Historic new cranes and derricks rule will help save construction workers' lives

The U.S. Department of Labor's Occupational Safety and Health Administration
today announced that it is issuing a new rule addressing the use of cranes and
derricks in construction, which will replace a decades-old standard.
Approximately 267,000 construction, crane rental and crane certification
establishments employing about 4.8 million workers will be affected by the rule
published today.

"The significant number of fatalities associated with the use of cranes in
construction led the Labor Department to undertake this rulemaking," said
Secretary of Labor Hilda L. Solis. "After years of extensive research,
consultation and negotiation with industry experts, this long overdue rule will
address the leading causes of fatalities related to cranes and derricks,
including electrocution, boom collapse and overturning."

The previous rule, which dated back to 1971, was based on 40-year-old
standards. Stakeholders from the construction industry recognized the need to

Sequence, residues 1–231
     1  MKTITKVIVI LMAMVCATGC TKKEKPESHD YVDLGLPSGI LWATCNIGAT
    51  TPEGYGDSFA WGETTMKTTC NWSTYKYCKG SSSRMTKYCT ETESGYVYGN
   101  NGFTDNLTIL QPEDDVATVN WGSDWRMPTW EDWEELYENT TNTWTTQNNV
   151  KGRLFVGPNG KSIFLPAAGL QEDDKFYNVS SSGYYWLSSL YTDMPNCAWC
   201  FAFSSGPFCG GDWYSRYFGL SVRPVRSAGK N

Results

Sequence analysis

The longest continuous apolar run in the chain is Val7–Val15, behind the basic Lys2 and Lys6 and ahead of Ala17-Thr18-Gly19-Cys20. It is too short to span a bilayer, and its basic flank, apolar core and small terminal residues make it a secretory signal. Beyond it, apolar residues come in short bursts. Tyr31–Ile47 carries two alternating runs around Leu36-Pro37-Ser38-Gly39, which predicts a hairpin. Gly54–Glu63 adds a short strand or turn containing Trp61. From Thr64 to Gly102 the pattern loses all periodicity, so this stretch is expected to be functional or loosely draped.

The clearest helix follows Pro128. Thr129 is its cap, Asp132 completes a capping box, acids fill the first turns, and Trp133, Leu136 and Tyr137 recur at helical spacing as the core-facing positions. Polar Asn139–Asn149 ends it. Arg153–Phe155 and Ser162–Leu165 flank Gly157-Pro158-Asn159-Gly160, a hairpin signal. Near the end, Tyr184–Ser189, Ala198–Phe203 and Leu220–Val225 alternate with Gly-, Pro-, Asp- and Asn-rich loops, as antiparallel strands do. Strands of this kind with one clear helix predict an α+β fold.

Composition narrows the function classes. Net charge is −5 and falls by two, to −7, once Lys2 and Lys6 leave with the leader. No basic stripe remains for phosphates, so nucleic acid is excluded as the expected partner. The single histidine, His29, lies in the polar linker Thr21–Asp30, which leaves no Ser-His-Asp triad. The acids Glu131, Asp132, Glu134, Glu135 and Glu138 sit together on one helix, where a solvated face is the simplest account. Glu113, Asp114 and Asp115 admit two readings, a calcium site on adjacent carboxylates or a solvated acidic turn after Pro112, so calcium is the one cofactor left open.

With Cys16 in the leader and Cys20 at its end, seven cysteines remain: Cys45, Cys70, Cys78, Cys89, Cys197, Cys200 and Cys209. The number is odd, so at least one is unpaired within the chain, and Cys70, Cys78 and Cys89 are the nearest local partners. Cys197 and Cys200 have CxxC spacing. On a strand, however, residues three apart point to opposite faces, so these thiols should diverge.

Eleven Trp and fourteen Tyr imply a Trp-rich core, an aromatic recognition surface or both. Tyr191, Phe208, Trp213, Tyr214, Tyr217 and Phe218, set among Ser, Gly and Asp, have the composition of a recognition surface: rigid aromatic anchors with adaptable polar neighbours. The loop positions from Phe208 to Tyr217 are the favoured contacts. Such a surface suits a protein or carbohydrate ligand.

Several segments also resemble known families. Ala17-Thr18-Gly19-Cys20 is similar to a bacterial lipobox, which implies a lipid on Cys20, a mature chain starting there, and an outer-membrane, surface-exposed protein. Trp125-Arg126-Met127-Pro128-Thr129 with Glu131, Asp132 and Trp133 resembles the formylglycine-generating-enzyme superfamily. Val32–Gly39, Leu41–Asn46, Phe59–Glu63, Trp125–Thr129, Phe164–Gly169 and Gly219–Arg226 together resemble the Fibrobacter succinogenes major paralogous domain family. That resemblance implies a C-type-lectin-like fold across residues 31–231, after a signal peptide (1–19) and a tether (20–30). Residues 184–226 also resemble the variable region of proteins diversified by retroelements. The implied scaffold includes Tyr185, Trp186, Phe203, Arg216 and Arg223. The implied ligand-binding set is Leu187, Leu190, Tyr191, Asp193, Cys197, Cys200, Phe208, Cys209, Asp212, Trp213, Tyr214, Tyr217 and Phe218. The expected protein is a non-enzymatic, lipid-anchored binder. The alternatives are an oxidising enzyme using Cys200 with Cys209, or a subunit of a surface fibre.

update the safety requirements, methods and practices for cranes and derricks,
and to incorporate technological advances in order to provide improved
protection for those who work on and around cranes and derricks.

"The rule addresses critically important provisions for crane operator
certification, and crane inspection, set-up and disassembly," said Assistant
Secretary of Labor for OSHA Dr. David Michaels. "Compliance with the rule will
prevent needless worker injuries and death, and provide protection for the
public and property owners."

The new rule is designed to prevent the leading causes of fatalities, including
electrocution, crushed-by/struck-by hazards during assembly/disassembly,
collapse and overturn. It also sets requirements for ground conditions and
crane operator assessment. In addition, the rule addresses tower crane hazards,
addresses the use of synthetic slings for assembly/disassembly work, and
clarifies the scope of the regulation by providing both a functional
description and a list of examples for the equipment that is covered.

In 2003, the secretary of labor appointed 23 experienced Cranes and Derricks
Advisory Committee members representing manufacturers and trade associations,
who met 11 times until a consensus on the regulatory text was reached in July
2004. The proposed rule was published Oct. 9, 2008, and the public was invited
to submit comments until Jan. 22, 2009. Public hearings were held in March
2009, and the public comment period on those proceedings closed in June 2009.
OSHA staff incorporated input from the public comments and testimony to develop
the final regulatory text.

More info - Source: U.S. Department of Labor's Occupational Safety and Health Administration